“It’s unbelievable how this has taken off,” said Shelton, who’s semi-retired now.
He’s talking about a new type of online course available to the public for free without enrollment in a degree-seeking program. They’re called massive open online courses, or MOOCs, and they are shaking up higher education.
The wave of MOOCs started about two years ago as a variation on “traditional online courses” that are still evolving despite the name. MOOCs usually feature video lectures or animations that the hosting organizations decree should last no more than 12 minutes and are punctuated by quick quizzes in the middle and end.
“That’s the attention span,” Shelton said. “I don’t know if it’s gotten shorter these days or if we’ve just recognized it was never that long.”
Shelton likes that the innovative approach opens to anyone access to lectures by some of the best professors.
Suzanne Minarcine agrees. Although she teaches traditional online courses as faculty director of the School of Business at American Public University System, she’s also taken a variety of MOOCs for her own curiosity.
“The biggest advantage is that you do have a first-class curriculum taught (at least to some extent) by world-class faculty. I’ve taken classes from MIT, Harvard and the Berkeley College of Music at no cost,” she said.
Georgia Tech offers 15 MOOCs on the Coursera.org hosting platform, and Emory University has nine. The University System of Georgia struck a deal with Coursera in May along with nine other university systems to develop the courses with the benefit of Coursera’s experience on teaching techniques. A similar agreement was signed with D2L.
“I always said there ought to be a better way,” Shelton said.
As an experiment starting in January, Tech is offering a master’s degree in computer science completely online that is enrolling 100 or so students who meet standard admissions requirements. It will cost a fraction of a classroom-based degree and is available to students living hundreds or thousands of miles from the Atlanta campus.
Administrators figure it’s a good place to begin because the students are accustomed to spending time online and there’s really no need for hands-on demonstrations like in biology or nursing.
The Technical College System of Georgia is developing MOOCs of its own. Designed to help dropouts return to school, they’ll be remedial courses in math, first, and later in English and reading that are tailored to requirements for Georgia’s GED and college admissions, said Robert Keown, the executive director of the system’s Georgia Virtual Technical Connection.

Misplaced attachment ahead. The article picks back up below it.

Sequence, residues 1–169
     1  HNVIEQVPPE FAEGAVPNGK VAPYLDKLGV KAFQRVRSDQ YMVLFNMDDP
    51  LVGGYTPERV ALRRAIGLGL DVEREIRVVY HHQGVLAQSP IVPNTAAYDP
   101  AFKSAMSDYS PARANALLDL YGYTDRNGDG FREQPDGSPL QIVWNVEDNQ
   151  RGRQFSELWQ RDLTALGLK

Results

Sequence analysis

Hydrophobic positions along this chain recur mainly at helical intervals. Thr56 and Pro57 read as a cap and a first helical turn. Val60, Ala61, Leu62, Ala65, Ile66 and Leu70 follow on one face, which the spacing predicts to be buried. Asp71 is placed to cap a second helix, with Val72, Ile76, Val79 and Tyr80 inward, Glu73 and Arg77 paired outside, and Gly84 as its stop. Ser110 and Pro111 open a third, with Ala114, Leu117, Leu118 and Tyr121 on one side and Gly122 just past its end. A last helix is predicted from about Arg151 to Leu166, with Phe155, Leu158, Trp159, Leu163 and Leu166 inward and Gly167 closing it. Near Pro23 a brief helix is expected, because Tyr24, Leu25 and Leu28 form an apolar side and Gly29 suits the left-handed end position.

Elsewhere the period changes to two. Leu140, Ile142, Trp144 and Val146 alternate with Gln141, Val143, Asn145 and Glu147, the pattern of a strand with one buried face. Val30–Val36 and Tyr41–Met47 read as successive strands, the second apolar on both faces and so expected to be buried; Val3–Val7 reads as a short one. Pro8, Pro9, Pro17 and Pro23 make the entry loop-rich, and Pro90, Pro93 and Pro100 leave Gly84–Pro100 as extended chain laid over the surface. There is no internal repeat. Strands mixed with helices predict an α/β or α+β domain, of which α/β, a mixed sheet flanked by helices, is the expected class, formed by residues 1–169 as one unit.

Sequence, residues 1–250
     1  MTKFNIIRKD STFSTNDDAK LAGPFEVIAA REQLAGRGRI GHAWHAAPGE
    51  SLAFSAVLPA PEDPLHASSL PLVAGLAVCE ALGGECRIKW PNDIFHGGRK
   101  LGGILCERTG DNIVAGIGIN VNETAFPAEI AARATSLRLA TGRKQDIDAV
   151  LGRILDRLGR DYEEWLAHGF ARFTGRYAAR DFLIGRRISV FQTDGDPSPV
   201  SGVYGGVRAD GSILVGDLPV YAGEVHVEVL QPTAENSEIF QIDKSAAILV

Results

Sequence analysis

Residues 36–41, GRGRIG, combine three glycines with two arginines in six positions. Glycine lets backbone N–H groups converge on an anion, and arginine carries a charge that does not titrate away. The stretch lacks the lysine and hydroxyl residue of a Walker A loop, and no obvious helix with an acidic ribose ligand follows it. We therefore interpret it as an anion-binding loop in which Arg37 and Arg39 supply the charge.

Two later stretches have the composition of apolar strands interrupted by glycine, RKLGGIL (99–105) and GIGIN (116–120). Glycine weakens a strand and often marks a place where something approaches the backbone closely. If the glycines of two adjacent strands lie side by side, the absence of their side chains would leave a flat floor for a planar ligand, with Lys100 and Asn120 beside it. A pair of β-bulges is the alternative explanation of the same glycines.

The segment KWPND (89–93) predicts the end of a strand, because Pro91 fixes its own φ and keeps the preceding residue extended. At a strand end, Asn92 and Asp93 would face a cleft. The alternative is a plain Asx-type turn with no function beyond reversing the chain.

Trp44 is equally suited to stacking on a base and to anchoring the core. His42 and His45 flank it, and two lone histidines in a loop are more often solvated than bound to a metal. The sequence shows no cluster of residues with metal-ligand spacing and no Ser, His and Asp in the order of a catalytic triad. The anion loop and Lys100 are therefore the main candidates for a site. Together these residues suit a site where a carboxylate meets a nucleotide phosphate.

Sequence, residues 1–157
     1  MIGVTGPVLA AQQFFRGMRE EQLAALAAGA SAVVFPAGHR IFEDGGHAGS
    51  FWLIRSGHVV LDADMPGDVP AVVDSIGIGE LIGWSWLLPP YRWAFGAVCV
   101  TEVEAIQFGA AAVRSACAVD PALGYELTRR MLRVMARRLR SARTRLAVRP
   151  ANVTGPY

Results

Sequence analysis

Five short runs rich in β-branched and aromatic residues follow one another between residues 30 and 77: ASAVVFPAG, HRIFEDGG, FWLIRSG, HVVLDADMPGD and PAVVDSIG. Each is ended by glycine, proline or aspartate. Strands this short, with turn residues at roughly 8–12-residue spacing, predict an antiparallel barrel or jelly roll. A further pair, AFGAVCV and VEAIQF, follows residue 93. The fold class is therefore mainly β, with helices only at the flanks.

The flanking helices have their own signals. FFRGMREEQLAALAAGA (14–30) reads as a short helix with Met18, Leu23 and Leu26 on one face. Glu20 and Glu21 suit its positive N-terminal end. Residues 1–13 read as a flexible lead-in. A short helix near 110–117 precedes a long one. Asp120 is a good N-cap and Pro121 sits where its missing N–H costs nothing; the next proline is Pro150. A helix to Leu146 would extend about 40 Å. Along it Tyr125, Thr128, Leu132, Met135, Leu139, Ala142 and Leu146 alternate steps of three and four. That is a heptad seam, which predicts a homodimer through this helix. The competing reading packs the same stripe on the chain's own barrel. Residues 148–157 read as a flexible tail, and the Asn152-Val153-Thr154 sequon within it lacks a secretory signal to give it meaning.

“We know the requirements of the placement exam,” he said. “We’re able to build this to those standards.”
Registration for the courses will be limited to in-state zip codes because the goal is to help Georgians complete degrees so they can earn better jobs.
Completion is an issue with MOOCs because typically only one of every 10 students finish, according to Mike Abbiatti, the director of the education cooperative for the Southern Regional Education Board.
“Students come to MOOCs to find something out. Once they find what they want to know, they leave,” he said.
The University System of Georgia, which oversees the state’s public four-year colleges and graduate schools, has a similar mission to help the estimated 1 million Georgians who dropped out of college get their diploma. That is why it’s looking at the Coursera and D2L arrangement as a way to develop tuition-based classes for enrolled students rather than free MOOCs for anyone on the World Wide Web.
The next evolution of traditional online courses may be less expensive, more convenient and better adapted to students returning to finish degrees, said Houston Davis, the system’s chief academic officer.
“I think we want to challenge our institutions to think critically, are there courses we can do online?” he said.
One of hurdles to overcome is how to guarantee that the enrolled student is the person taking the online exam. In-person proctors can demand students present their ID cards, but ensuring integrity is critical to prevent the degree from becoming as lowly valued as “diploma mill” correspondence courses of the last century.
Administrators also want to figure out the ideal class size to provide sufficient faculty interaction. MOOCs have no limit, so individual interaction would be impossible when thousands take a single course, usually leaving students to help each other through social-media groups.
Figuring out the needed adaptions is why Georgia’s public schools won’t put entire bachelor-degree programs online soon.
“That’s very, very radical, and I think that’s pretty much down the line,” Davis said.
What’s more likely in the near future is collaboration between universities that have similar degrees. So, a literature student at the College of Coastal Georgia might take an online class from her Brunswick dorm taught by a professor at University of Georgia’s Athens campus.
Educators disagree about exactly how the explosion in MOOCs and traditional online courses will impact higher education. But they do agree it will have a big impact of some kind.
“No one knows where it’s going,” said Abbiatti. “That’s part of the disruptive nature. It has a life of its own.”